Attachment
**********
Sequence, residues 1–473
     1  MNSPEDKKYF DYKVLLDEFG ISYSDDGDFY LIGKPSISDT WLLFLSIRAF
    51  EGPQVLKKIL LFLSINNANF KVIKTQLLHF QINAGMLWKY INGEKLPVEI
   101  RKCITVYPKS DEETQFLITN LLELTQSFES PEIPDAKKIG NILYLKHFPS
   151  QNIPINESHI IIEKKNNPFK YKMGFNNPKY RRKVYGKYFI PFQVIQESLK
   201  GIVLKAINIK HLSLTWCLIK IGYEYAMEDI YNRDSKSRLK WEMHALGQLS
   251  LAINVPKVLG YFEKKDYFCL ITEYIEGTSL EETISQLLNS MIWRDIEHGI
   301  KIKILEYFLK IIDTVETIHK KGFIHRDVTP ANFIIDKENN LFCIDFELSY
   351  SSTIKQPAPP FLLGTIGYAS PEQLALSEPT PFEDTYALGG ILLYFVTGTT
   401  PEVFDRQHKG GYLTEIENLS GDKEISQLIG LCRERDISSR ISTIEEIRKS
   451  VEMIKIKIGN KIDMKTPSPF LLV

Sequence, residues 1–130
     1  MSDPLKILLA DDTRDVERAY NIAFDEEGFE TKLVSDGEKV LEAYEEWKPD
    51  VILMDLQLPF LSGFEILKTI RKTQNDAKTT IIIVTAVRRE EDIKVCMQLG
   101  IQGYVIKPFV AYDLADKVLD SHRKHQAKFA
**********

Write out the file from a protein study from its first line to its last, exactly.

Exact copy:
Sequence, residues 1–473
     1  MNSPEDKKYF DYKVLLDEFG ISYSDDGDFY LIGKPSISDT WLLFLSIRAF
    51  EGPQVLKKIL LFLSINNANF KVIKTQLLHF QINAGMLWKY INGEKLPVEI
   101  RKCITVYPKS DEETQFLITN LLELTQSFES PEIPDAKKIG NILYLKHFPS
   151  QNIPINESHI IIEKKNNPFK YKMGFNNPKY RRKVYGKYFI PFQVIQESLK
   201  GIVLKAINIK HLSLTWCLIK IGYEYAMEDI YNRDSKSRLK WEMHALGQLS
   251  LAINVPKVLG YFEKKDYFCL ITEYIEGTSL EETISQLLNS MIWRDIEHGI
   301  KIKILEYFLK IIDTVETIHK KGFIHRDVTP ANFIIDKENN LFCIDFELSY
   351  SSTIKQPAPP FLLGTIGYAS PEQLALSEPT PFEDTYALGG ILLYFVTGTT
   401  PEVFDRQHKG GYLTEIENLS GDKEISQLIG LCRERDISSR ISTIEEIRKS
   451  VEMIKIKIGN KIDMKTPSPF LLV

Sequence, residues 1–130
     1  MSDPLKILLA DDTRDVERAY NIAFDEEGFE TKLVSDGEKV LEAYEEWKPD
    51  VILMDLQLPF LSGFEILKTI RKTQNDAKTT IIIVTAVRRE EDIKVCMQLG
   101  IQGYVIKPFV AYDLADKVLD SHRKHQAKFA